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MIDNIGHT BLUE

    • Chemical Description: Blend Iron oxide black, Sodium aluminosulphosilicate & Copper phthalocyanine

    • Pigment Numbers: PB29 PB15.3 PBk11

    • Lightfastness Rating: ASTM I

    • Pigment Opacity: Semi-Transparent

    • Paint Opacity: Opaque

    • Series 2

    Midnight Blue is a dark blue-black closely related to Paynes Grey except that Paynes Grey is a blend of Ultramarine Blue with Mars Black while Midnight Blue is a mixture of Phthalo Blue. While both are equally lightfast and equally useful, they have quite distinctly different characters and moods about the colors that they are mixed with. Paynes Grey has a distinctive blue-violet cast to it which makes it ideal for working with the cool end of the spectrum, especially with blue grays and violets or mauves. Midnight Blue is possibly a little more flexible. It has a distinct greenish blue cast that makes it perfect for making deep intense greens but, paradoxically, it is when working with the red and violet end of the spectrum that it really shines.

    Midnight Blue, as its name implies has the inky quality of a midnight sky. It is a very deep indigo sort of color equally at home in the sky or in water at night. It is easy to imagine Van Gogh loving this color for his night scenes had it been available in his day. It has more color in it than Paynes Grey and as a result it absorbs more light and appears darker just like a midnight sky does. The Phthalocyanine Blue in the color is transparent and so tends to be more efficient at absorbing light than a pure black pigment can on its own. It can thus give the appearance of a darker dark even though it is not actually pure black.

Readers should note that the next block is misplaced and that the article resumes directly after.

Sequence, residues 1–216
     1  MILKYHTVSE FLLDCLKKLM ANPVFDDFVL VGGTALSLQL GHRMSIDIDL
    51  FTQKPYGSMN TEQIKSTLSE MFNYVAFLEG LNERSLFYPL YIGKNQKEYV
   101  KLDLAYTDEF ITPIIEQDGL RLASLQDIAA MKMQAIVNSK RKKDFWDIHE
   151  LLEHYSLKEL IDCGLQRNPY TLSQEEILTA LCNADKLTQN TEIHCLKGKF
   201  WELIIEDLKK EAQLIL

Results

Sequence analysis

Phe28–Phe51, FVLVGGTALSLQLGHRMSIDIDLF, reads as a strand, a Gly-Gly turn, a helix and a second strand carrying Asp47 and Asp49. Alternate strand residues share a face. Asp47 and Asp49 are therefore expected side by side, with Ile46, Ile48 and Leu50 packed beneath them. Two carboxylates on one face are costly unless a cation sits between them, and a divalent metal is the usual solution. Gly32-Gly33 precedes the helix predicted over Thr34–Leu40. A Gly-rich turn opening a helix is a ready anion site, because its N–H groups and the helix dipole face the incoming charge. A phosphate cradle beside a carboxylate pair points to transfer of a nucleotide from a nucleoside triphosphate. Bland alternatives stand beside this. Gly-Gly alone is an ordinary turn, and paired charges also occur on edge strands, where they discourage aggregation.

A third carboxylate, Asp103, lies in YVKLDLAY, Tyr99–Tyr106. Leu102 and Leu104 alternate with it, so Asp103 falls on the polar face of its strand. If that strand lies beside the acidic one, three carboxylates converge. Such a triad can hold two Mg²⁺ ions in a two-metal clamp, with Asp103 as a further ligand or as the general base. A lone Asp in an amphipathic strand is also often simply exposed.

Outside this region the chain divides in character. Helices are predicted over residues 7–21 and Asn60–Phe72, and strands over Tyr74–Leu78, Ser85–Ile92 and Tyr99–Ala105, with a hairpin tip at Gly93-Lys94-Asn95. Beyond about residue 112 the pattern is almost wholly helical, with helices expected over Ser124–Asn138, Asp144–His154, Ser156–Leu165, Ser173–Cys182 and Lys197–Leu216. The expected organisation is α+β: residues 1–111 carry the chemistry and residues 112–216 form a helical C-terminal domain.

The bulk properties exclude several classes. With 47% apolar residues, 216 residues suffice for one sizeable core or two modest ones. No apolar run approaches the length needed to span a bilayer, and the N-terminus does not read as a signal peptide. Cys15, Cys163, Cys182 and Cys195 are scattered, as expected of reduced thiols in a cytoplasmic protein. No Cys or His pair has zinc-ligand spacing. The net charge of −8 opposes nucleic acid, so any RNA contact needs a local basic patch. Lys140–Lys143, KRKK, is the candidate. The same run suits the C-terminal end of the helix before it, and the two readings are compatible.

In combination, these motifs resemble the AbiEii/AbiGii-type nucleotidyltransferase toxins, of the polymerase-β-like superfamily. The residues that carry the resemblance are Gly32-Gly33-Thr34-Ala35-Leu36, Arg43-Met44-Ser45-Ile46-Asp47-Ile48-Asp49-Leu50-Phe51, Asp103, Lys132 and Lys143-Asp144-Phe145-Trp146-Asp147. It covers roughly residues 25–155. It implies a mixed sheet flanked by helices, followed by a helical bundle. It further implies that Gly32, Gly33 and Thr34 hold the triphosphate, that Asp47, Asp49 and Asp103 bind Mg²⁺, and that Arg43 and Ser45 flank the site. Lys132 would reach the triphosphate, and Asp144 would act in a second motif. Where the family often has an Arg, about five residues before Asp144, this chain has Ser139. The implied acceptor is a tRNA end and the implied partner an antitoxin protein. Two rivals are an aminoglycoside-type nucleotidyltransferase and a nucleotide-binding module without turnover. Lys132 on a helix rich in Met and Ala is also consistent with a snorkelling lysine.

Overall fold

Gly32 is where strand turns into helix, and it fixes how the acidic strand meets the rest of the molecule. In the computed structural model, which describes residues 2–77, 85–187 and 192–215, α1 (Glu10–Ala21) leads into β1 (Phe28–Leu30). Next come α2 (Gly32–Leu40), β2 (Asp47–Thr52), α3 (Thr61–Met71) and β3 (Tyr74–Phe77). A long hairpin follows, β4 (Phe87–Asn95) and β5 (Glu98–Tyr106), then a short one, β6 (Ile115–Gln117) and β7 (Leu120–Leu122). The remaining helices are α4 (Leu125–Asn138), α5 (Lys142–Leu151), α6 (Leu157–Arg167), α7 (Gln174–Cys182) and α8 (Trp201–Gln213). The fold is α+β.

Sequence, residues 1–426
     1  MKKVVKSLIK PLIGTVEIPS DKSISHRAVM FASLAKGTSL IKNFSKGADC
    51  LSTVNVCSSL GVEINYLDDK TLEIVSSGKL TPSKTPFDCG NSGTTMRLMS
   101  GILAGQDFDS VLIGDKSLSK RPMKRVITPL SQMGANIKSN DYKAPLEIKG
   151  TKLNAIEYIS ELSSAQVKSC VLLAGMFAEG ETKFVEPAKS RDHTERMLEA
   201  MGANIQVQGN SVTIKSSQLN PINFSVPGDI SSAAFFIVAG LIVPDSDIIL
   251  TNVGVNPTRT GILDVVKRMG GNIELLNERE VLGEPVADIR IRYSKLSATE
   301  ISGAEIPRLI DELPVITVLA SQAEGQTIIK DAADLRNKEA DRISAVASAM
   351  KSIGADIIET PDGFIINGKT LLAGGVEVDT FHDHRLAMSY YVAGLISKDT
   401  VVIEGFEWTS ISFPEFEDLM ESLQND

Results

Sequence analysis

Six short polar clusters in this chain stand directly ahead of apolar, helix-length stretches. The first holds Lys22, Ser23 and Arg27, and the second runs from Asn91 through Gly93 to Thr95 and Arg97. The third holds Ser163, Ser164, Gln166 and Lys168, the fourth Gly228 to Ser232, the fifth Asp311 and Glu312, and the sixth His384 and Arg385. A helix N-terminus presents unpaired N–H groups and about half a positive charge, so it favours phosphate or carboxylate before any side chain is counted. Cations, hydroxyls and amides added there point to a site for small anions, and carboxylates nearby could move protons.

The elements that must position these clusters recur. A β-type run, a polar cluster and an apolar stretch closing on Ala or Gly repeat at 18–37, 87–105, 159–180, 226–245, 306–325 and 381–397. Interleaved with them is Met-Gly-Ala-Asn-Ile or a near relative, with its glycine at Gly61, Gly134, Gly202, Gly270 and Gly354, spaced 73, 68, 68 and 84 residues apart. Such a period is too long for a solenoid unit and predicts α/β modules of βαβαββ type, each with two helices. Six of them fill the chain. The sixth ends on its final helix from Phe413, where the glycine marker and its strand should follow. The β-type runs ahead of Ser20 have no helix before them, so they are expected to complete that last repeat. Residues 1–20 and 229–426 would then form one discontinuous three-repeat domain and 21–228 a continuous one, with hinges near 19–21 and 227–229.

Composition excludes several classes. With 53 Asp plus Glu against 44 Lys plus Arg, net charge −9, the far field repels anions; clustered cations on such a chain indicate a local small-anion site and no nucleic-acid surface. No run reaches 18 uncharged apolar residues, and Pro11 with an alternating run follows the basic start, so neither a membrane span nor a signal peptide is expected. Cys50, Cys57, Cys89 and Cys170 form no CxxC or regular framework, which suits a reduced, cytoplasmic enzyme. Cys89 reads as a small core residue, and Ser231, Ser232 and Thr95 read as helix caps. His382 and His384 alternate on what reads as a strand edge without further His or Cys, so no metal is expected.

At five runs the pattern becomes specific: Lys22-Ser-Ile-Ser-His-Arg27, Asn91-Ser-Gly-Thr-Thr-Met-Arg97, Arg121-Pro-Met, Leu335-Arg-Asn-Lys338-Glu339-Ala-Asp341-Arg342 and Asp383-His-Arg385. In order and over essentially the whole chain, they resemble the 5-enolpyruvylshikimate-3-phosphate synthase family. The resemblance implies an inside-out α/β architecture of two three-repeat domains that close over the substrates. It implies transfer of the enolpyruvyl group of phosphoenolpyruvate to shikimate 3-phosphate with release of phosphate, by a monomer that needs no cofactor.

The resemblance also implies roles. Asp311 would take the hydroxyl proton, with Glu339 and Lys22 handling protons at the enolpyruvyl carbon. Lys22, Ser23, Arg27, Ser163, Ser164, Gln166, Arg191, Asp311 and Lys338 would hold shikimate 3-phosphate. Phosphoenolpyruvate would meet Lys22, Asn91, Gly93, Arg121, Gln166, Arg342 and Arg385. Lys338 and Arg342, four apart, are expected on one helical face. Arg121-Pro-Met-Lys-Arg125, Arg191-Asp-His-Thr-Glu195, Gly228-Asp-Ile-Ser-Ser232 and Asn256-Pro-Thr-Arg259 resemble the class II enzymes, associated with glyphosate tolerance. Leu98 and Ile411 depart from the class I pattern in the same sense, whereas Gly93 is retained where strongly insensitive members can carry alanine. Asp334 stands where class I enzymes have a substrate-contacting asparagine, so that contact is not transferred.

An even more interesting black can be made by mixing Midnight Blue with Transparent Red Oxide. The beautiful transparency of the Transparent Red Oxide also causes a light absorption effect making the color beautifully dark, but the red also gives it great warmth and in some ways it is reminiscent of charred wood.

    Try mixing Midnight Blue with Magenta Quin Violet. The result is a magnificent dark violet with a magenta undertone of great beauty. This wonderful violet is more lightfast that Dioxazine Purple while maintaining a similar tinting strength and has the character that the unpredictable nature that hand mixing color brings to the palette.

    Dark bottle greens are easy to make by mixing Midnight Blue with any of the light yellows such as Bismuth Yellow or Cadmium Yellow Light. For a little more earthy effect mix with Yellow Oxide or Transparent Yellow Oxide for either a transparent or opaque very dark green for when painting foliage.

    Grays are another strength of this color. Midnight Blue mixed with Ash Pink makes lovely soft grays with a greenish to pinkish cast while Midnight Blue mixed with Permanent Light Violet makes grays that have anything from a blue to a mauve quality about them. Mixing with Aqua Green Light gives another family of greenish grays and using Australian Ghost Gum softens the greens towards the sort of grays found in gum tree leaves, while using Titanium White makes the sort of blue grays found in clouds when summer storms are rolling in. This wide range of mixed grays and blacks, greens and violets make Midnight Blue a versatile choice for scenery from the Southern Ocean in winter to summer nights and water at night to the Australian bush in the middle of the day. Like Paynes Grey, it earns a valuable place in the artist’s paintbox.

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